Basics to Entering a Writing Contest


Basics to Entering a Writing Contest

Rory C Keel

 Writing contests can offer great benefits to a writer, however they can also be intimidating. To help you wade through the process, let’s look at some of the basics of entering a Writing Contest.

1. Choose the right contest – Do the research to find the best contest for your writing. Contest entry fees can vary greatly from free to extremely high. The rewards can be just as varied from a simple recognition and critique of your writing, to rewards of money prizes and publication. Beware of contests that require you to purchase the published work of your “Winning” writing. More information can be found in my article Writing Contest Benefits.

2. Choose the correct Genre – To avoid poor critiques or placement, choose the correct genre for your work. While some pieces may cross over into another classification, you will have better results if you focus your writing to one specific genre.

3. Follow Submission Guidelines – When entering a contest pay close attention to the submission guidelines. These rules may vary greatly with different organizations and contests. Be diligent to have the correct word count while using the proper page format, font, and cover page identification requirements. Don’t expect contest officials to overlook the rules just for you, it’s their contest and it’s their rules.

4. Pay attention to Postage – If you are sending an entry by mail it will require the correct postage, so does the return of your entry. Read carefully any instructions regarding postage and the return mailing requirements of your entry or prizes. If you are using metered mail, postage from a meter or computer, understand that it expires on the date stamped. If you stamp the return envelope with the current date, and the contest results are not given for several months, postage may be expired and could result in your entry not being returned.

By following these few steps, entering a writing contest can be fun and successful!

Rory C. Keel

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WHAT’S IN A NAME?


WHAT’S IN A NAME?

By Rory C. Keel

“Okay, somebody write a quick blog on trying to find a name for your blog!”

                                                                                             –Natalie Bright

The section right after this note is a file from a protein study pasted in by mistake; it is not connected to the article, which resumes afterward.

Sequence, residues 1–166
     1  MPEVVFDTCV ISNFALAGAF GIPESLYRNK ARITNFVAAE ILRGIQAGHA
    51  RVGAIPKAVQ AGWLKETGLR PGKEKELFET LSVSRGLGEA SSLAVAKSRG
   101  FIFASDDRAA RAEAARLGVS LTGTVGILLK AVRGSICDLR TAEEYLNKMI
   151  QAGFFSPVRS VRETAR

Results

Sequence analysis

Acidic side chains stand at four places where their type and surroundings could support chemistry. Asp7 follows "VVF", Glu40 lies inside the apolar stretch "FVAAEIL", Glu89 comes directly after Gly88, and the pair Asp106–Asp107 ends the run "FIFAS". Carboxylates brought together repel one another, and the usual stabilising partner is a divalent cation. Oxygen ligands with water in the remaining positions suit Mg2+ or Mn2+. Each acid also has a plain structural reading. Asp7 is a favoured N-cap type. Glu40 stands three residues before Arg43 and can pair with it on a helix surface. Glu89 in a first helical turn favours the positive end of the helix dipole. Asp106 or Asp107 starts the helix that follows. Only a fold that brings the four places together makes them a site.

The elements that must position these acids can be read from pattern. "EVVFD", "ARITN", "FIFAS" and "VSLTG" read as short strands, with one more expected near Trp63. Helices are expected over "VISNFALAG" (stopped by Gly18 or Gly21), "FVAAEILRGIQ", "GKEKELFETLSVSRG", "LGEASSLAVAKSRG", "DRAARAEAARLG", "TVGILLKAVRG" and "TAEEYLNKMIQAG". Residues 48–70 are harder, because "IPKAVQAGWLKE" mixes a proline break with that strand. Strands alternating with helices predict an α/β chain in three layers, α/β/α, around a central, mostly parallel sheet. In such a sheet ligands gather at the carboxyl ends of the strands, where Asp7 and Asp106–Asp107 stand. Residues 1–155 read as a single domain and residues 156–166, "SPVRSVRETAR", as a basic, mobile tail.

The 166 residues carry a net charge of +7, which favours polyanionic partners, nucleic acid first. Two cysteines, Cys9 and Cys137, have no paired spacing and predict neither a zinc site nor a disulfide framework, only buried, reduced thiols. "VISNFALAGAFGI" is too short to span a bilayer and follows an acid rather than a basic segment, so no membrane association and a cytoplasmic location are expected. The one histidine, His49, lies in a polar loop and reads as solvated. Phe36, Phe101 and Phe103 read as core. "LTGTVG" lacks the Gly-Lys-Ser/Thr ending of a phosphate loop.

Choosing the one specific term that describes six different writers with very different styles and genres, can be a daunting task. One would think that such an imaginative group could quickly produce a name so extraordinary, so remarkable that the mere mention of it would describe each individual and their genres perfectly. We settled on something a little less complicated.

Choosing the Name

So, how did we choose the name? We tossed words onto a dry erase board, and then the six of us wrestled them around until one stood up and screamed, “Pick Me!” And what is the name that captures the essence of our critique group?

Wordsmith Six

Wordsmith Six consists of six writers who cover the spectrum in genres—a group of a half-dozen close friends who love words, whether we’re reading, writing or researching them. We have individuals who write Women’s Fiction, Historical, Inspirational and Screenplay. Others love Romance, Western, Christian fiction and Middle grade children’s books. Included are authors with published Fiction and Nonfiction books, TV Documentaries, Song Lyrics, Humor and yes, even HORROR.

We have lots of stories to tell and you’re invited to follow along.

Rory C. Keel

Okay With Crazy


POST CARDS FROM THE MUSE

Okay With Crazy

By Nandy Ekle

 

Writers are a special breed of people. We are the people who see worlds in a speck of dust. We hear voices in our heads and we dissect ideas and words looking for connections and meanings.

We even have our own jargon. We stay away from echoes and rabbit trails. We love conflict and critiques. Flawed heroes, lovable villains, inciting incidents, supporters, resolutions, arcs, macguffin, even white spaces are common topics when we all get together.

At a writing conference, meeting and connecting with other writers is one of the most satisfying things in the world, especially when the writers at the conference share interest in the same genre. Imagine a room full of people discussing how much blood they splash around in a year at the horror writers’ conference. Or a room of people discussing all the love affairs they orchestrate at the romance writers’ conference. At a mystery writers’ conference you might hear talk of secrets and clues, or you’ll probably hear conversations about UFO sightings and time travel at the science fiction writers’ conference.

It’s so satisfying to be able to open up and talk about ideas and scenes, style and word choice, even names and voices with other people and have them understand exactly what you mean. I invite you to discuss your writing life here with me. I love talking about words, topics, genres. Pour your heart out and I’ll listen and smile because I know exactly what you mean.

Congratulations. You have just received a post card from the muse.

WHAT’S IN A NAME?


WHAT’S IN A NAME?

By Rory C. Keel

“Okay, somebody write a quick blog on trying to find a name for your blog!”

                                                                                             –Natalie Bright

Choosing the one specific term that describes six different writers with very different styles and genres, can be a daunting task. One would think that such an imaginative group could quickly produce a name so extraordinary, so remarkable that the mere mention of it would describe each individual and their genres perfectly. We settled on something a little less complicated.

What about Tuesday?

Welcome to our blog. My name is Rory and every Tuesday I will be sharing with you some of the ideas and lessons that I’ve learned, and will learn along the way to publication. I’m excited to be a part of a group of writers ranging from beginners to the experienced, from the unpublished to multiple publications, and that has the motivation to move forward in their writing. I write Christian fiction and non-fiction, Historical western, short stories, and creative nonfiction. I have published several Christian devotionals, and I have song lyrics published on a CD, “Alabaster Box.”

Choosing the Name